On April 7, I reported that Lee Enterprises CEO Mary Junck received a $700,000 bonus for simply refinancing the newspaper chain’s debt.
The news disgusted longtime St. Louis Post-Dispatch carpenter Scott Bujnak.
“That was the straw that broke the camel’s back,” he says.
Bujnak, 56, went into publisher Ray Farris‘s office last Wednesday and quit after 18 years at the Lee-owned daily.
Columnist Bill McClellan writes:
He told his boss he was through and explained why. What’s the point of saving nickels and dimes when the big boss gets a $700,000 bonus? Word spread quickly. “He did what?” “Wow.”
How many people at how many companies have daydreamed about doing the same thing?
Bujnak apparently doesn’t regret quitting, even without another job lined up. “I have a smile on my face you can’t wipe off,” he tells McClellan.
The columnist points out:
Workers have suffered while the big bosses have prospered. Pensions were long ago frozen. Mandatory unpaid furloughs were introduced. Layoffs were the worst. Families were ravaged. Yet, it was the small things that got to Bujnak. Mixing paints, cannibalizing chairs. He started resenting saving the company money.
Especially when people like CEO Junck were regularly getting big bonuses. (She also got a bonus of $500,000 in March of 2012 – again for simply refinancing Lee’s debt.)
I called McClellan to see if he had difficulty getting a column critical of the Big Boss into the paper.
“I didn’t have any problems,” he says. “The only thing I did out of the ordinary is turn it in at one [instead of the usual 5 p.m.] in case there were any questions.”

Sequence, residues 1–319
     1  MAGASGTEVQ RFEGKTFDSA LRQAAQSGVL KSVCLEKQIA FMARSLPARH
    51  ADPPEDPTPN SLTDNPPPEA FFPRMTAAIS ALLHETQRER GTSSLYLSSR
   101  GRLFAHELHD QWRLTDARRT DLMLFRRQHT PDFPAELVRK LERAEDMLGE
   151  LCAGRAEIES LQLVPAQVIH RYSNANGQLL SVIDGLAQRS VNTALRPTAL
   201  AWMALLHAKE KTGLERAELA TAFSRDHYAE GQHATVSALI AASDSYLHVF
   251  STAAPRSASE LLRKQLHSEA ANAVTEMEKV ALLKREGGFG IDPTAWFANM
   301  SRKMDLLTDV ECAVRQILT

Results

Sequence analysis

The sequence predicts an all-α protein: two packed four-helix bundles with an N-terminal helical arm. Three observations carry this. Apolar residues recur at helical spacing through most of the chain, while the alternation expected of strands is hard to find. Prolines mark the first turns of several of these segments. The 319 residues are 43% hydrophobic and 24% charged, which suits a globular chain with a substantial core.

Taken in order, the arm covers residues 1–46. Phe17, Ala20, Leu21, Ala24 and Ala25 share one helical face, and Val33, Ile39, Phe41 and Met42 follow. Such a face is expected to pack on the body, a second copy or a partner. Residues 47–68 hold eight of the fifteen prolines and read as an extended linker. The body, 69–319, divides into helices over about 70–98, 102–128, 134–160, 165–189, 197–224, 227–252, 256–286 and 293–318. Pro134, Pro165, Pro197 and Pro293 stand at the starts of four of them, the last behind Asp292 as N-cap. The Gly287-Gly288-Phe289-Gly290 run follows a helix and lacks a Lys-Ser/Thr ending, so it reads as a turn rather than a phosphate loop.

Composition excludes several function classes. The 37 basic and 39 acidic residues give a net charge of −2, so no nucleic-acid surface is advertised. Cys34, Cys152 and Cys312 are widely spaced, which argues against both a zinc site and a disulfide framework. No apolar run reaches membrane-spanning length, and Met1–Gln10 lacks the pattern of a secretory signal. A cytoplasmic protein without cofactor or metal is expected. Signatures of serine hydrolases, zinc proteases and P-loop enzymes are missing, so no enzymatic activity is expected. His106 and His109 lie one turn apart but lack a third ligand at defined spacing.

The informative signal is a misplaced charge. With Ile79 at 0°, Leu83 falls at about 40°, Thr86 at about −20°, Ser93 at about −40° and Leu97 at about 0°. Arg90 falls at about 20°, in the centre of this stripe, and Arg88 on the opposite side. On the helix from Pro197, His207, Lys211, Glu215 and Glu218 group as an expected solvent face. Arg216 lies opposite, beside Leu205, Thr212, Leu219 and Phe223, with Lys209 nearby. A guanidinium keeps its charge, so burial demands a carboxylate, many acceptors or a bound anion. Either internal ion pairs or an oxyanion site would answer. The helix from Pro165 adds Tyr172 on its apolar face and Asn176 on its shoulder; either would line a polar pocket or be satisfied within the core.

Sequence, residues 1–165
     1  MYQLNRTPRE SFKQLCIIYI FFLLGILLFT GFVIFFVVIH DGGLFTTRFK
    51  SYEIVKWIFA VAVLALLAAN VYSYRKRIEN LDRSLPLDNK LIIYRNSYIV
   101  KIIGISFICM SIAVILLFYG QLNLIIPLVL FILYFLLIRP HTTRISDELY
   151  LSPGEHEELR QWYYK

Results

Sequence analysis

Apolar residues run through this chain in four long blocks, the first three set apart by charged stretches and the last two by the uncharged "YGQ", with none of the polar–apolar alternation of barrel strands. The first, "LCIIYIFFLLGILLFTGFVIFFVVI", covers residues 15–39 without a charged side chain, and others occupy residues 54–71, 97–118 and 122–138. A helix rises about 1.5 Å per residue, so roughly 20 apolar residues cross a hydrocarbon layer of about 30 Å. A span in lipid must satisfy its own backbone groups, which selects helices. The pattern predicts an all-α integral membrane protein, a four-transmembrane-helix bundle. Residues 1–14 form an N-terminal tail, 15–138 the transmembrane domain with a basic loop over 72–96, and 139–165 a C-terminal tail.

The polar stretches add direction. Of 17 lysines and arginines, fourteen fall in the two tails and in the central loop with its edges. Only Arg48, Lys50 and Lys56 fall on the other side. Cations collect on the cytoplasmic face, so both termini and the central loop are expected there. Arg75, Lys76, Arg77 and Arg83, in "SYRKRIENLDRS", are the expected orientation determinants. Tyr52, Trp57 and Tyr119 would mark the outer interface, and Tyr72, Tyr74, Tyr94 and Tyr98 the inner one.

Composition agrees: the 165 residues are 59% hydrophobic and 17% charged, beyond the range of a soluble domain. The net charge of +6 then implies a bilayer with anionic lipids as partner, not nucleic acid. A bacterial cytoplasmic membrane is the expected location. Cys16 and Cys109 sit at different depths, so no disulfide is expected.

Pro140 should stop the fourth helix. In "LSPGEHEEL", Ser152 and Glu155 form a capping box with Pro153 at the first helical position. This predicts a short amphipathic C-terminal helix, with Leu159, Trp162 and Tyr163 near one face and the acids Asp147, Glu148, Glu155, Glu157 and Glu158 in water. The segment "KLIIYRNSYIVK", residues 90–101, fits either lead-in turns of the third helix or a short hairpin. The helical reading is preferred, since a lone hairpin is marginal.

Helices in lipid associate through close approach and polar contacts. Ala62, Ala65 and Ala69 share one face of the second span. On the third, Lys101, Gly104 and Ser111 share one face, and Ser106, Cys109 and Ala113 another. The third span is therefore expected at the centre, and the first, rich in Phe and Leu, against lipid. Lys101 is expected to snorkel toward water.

There was one, he says.
“I got one call about mixing the paint, and that’s all.” (He makes reference to Bujnak’s recycling paint to save money.)
McClellan guesses this column “probably went up the ladder” higher than usual for approval, but he’s not certain. (In an email and voicemail, I’ve asked metro editor Marcia Koenig about that.)
McClellan says today’s piece only helps the Post-Dispatch.
“It makes us look good when we criticize ourselves.”
I’ve asked Lee spokesman Dan Hayes if he’s seen the column. Since he’s never returned my calls, I suspect we won’t find out.
* A carpenter has the making of a folk hero (stltoday.com)
* April 2014: Lee CEO Mary Junck gets $700,000 bonus for refinancing debt (jimromenesko.com)
* March 2012: Lee CEO Junck gets $500,000 bonus for refinancing debt (jimromenesko.com)
Meanwhile, at another Lee-owned newspaper…. The Montana Standard is looking for local columnists who will write for free.
The paper says: “We might be able to round up some Standard swag if a coffee cup or pen would make it worth your while. The exposure to almost 30,000 readers a day is usually gratifying, and just think how your voice could help shape public discourse and make our communities better places.”